First published in 1919, Taxation in the New State explores the practical application of tax policy to the financial situation of post-World War I Britain. Hobson assesses policy according to the tax payer’s ability to bear the burden and draws a distinction between ‘cost’ and ‘surplus’. He proposes a number of reforms and considers the pitfalls of attempting the find required revenue using ordinary taxation in a post-war financial crisis.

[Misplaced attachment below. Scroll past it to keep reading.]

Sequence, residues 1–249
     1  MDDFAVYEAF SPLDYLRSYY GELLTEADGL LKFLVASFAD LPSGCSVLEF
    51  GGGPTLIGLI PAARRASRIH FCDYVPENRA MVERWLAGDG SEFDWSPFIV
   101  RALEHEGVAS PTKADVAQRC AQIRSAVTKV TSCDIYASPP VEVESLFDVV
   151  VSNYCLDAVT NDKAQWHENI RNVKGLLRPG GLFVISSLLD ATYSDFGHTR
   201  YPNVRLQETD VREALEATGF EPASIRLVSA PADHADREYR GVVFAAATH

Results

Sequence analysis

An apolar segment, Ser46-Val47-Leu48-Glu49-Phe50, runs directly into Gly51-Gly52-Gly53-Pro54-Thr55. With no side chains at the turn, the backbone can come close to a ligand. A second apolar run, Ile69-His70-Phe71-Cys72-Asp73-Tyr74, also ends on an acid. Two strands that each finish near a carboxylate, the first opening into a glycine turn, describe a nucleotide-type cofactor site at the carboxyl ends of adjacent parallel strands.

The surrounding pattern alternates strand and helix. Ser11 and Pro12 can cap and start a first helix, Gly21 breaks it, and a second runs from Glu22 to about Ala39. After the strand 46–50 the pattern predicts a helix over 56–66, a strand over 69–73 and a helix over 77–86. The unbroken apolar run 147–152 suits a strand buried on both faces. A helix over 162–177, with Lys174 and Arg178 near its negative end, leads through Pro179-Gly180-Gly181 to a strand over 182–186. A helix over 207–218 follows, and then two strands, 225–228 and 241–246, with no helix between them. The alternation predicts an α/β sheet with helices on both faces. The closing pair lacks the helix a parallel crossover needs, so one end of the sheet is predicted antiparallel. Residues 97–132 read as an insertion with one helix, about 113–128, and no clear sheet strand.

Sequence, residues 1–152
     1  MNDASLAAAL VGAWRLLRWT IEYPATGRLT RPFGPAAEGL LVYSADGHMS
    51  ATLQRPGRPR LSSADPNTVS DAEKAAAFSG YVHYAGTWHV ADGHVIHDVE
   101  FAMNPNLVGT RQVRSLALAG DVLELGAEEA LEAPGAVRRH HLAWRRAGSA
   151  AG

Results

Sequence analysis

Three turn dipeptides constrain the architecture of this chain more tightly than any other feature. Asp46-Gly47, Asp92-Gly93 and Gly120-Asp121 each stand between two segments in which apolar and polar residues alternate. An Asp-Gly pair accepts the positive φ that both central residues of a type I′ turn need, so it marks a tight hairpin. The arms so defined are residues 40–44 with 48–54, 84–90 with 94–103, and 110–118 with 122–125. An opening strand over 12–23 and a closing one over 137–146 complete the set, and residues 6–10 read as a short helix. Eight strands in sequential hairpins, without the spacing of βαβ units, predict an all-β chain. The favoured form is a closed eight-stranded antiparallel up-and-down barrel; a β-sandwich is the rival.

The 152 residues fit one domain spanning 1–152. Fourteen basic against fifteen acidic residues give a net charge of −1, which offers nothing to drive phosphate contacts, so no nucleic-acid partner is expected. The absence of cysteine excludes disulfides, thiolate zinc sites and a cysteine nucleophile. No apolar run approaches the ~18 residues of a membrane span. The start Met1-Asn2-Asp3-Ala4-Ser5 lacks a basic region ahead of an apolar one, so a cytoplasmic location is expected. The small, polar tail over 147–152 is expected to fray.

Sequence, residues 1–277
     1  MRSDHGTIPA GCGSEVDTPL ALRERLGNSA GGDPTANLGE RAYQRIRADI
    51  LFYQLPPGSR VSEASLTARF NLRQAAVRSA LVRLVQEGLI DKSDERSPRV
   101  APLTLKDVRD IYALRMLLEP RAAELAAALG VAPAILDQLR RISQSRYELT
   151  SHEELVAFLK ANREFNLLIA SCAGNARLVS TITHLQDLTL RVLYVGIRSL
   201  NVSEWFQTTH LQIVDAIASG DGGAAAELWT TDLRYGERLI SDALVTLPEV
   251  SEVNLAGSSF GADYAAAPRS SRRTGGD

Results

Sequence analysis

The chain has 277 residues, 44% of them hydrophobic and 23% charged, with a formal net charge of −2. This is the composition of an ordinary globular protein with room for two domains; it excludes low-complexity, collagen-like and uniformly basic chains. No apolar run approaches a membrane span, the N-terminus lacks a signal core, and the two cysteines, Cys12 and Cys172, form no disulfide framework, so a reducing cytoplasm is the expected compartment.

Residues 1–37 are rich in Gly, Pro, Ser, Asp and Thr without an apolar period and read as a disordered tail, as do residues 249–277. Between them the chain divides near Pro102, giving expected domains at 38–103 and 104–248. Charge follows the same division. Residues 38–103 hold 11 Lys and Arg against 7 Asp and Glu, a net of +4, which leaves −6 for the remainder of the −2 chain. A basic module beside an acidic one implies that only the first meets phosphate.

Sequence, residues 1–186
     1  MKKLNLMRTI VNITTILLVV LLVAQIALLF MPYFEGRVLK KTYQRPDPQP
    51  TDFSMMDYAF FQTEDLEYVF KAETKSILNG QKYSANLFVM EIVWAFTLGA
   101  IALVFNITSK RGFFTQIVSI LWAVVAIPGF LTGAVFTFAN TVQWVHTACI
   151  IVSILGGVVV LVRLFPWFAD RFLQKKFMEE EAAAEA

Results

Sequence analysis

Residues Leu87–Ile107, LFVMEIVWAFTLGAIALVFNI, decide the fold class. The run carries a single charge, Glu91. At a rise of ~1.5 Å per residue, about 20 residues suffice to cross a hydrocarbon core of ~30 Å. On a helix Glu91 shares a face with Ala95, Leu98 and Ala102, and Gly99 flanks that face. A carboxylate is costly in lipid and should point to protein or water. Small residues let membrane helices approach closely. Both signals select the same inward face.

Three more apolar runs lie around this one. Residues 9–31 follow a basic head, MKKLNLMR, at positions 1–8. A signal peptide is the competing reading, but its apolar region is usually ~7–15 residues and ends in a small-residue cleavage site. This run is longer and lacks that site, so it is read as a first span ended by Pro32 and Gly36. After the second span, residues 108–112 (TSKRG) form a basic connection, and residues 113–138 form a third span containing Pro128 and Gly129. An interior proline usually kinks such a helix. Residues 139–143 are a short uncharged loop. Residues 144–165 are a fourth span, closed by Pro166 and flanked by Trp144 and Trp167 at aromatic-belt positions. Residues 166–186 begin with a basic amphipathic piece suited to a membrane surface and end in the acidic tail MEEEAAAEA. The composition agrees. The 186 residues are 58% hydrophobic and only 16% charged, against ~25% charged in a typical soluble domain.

Table of Contents
Preface; Part I: Principles of Tax Reform 1. Ability to Pay 2. The Taxable Surplus 3. The Shifting of Taxes 4. The Taxation of Income 5. Reforms of Income-Tax 6. Death Duties 7. Supplementary Taxes 8. Tariffs for Revenue Part II: Emergency Finance 1. Our Financial Emergency 2. A Levy on War-Made Wealth; Appendix. Taxation of War-Made Capital in Germany 3. A General Levy Upon Capital 4. Relations of Imperial to Local Taxation